Glaser was educated at Manhattan's High School of Music & Art (now Fiorello H. LaGuardia High School of Music & Art and Performing Arts), graduated from the Cooper Union in 1951 and later, via a Fulbright Scholarship, the Academy of Fine Arts in Bologna under Giorgio Morandi.
Milton is forever grateful to go to one of the best schools in the world to study design.
In 1954, Milton Glaser, along with Reyonld Ruffins, Seymour Chwast, and Edward Sorel, founded Push Pin Studios. For twenty years Glaser, together with Seymour Chwast, directed the organization, which exerted a powerful influence on the direction of world graphic design, culminating in a memorable exhibition at the Louvres Museum of Decorative Arts in Paris.
Glaser has been teaching at SVA for over half of a century. He thinks it helps him focus and prevent senility.
Within months after their marriage, the Glaser's left for a year's sojourn in Italy. Here, Shirley is encouraging Milton to taste her zuppa di fagioli. He seems to be enjoying it.
The original taxi sketch, in the Museum of Modern Art archive, for the logo that obliterates Chinatown.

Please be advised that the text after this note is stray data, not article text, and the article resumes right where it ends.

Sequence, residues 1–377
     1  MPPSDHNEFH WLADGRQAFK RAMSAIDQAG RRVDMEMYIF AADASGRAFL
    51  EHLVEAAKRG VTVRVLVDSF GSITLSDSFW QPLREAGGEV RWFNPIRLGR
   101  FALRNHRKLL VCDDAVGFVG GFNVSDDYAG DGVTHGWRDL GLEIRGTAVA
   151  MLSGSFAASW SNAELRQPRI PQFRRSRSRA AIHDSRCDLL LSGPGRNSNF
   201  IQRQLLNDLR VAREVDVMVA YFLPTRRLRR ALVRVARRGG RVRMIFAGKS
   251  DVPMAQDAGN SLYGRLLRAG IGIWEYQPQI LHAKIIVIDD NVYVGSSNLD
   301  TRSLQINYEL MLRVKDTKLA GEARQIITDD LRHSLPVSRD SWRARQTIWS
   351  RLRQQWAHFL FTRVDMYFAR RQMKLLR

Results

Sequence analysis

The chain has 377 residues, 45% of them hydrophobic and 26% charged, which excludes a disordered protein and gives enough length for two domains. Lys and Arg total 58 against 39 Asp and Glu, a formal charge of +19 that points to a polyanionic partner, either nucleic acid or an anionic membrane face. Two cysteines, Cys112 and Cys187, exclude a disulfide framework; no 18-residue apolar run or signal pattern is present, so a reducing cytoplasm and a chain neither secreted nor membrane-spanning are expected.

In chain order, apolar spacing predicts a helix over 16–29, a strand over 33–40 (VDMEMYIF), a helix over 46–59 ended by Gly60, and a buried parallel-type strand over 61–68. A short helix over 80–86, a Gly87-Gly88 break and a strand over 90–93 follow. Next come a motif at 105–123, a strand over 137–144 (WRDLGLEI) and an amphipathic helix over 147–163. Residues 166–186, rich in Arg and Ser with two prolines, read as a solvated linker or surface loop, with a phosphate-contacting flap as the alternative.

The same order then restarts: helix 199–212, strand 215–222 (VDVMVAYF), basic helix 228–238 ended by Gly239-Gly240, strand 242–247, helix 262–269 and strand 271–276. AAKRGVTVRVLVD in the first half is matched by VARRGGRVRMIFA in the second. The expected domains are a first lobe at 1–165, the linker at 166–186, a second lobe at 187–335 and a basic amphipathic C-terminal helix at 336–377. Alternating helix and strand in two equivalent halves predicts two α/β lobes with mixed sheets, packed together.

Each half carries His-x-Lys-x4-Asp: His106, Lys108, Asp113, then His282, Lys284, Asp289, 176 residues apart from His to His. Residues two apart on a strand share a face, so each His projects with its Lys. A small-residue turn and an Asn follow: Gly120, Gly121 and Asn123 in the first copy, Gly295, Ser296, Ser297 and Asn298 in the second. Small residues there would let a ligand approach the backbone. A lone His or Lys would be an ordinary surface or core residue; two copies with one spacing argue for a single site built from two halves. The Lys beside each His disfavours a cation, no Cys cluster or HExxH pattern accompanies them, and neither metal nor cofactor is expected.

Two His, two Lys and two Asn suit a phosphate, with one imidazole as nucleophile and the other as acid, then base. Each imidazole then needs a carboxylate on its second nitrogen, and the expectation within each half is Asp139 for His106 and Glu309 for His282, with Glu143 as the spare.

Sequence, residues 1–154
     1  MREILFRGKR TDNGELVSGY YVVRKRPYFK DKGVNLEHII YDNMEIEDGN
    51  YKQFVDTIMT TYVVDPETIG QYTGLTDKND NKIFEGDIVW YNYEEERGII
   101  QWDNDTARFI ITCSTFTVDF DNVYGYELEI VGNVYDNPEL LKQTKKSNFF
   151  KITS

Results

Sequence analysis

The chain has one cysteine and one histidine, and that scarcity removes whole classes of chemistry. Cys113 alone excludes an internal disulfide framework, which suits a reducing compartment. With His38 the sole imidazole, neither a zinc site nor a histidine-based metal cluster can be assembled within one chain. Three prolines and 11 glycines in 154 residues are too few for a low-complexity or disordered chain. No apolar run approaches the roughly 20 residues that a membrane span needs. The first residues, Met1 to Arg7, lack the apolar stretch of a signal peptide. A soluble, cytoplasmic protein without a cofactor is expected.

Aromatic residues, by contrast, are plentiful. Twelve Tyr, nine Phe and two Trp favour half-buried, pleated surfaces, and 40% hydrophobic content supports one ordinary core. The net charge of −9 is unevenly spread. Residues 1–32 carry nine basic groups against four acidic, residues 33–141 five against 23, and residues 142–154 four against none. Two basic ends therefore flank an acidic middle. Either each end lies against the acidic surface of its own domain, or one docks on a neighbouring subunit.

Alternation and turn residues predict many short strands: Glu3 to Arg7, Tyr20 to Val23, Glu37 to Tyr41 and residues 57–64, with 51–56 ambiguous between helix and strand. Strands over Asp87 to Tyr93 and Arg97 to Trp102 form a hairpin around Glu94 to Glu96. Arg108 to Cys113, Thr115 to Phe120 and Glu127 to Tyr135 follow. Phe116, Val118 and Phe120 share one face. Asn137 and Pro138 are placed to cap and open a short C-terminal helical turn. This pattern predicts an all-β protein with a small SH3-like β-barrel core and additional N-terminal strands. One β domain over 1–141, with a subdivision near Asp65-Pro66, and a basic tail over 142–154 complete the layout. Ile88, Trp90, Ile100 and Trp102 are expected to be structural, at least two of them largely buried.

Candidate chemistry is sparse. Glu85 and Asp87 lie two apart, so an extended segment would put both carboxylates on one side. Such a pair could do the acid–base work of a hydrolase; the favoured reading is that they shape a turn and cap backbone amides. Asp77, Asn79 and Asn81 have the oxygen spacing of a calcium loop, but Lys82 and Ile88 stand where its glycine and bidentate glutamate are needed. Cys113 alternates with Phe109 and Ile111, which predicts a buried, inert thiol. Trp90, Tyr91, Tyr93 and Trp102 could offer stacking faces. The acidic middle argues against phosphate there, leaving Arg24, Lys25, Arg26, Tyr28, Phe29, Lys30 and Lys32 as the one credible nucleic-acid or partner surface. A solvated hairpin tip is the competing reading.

In 1968, Glaser and Clay Felker founded New York Magazine, where Glaser was president and design director until 1977. The publication became the model for city magazines, and stimulated a host of imitations.
For six or seven years, Jerome Snyder and Glaser wrote The Underground Gourmet, a guide to cheap restaurants in the city. It was one of the most popular columns in New York Magazine because everyone in the city is always looking for cheap, good eats. It is still a regular column but Glaser doesn't write it any longer.
The first children's book that Glaser and his wife Shirley worked on.
Milton Glaser’s artwork has been featured in exhibits worldwide, including one-man shows at both the Centre Georges Pompidou in Paris (1977) and the Museum of Modern Art in New York (1975)
Milton Glaser, Inc. was established in 1974 in Manhattan, and is still producing work in a wide range of design disciplines, including: corporate identities (logos, stationery, brochures, signage, website design, and annual reports), environmental and interior design (exhibitions, interiors and exteriors of restaurants, shopping malls, supermarkets, hotels, and other retail environments), packaging (food and beverage packaging), and product design. Some of the firm's current clients include The Brooklyn Brewery, Jet Blue, Target, Coach, Trump, Eleven Madison Park, Alessi, Juilliard, The Rubin Museum of Art, Theatre For A New Audience, The School of Visual Arts, Bread Alone, and Philip Roth, amongst others.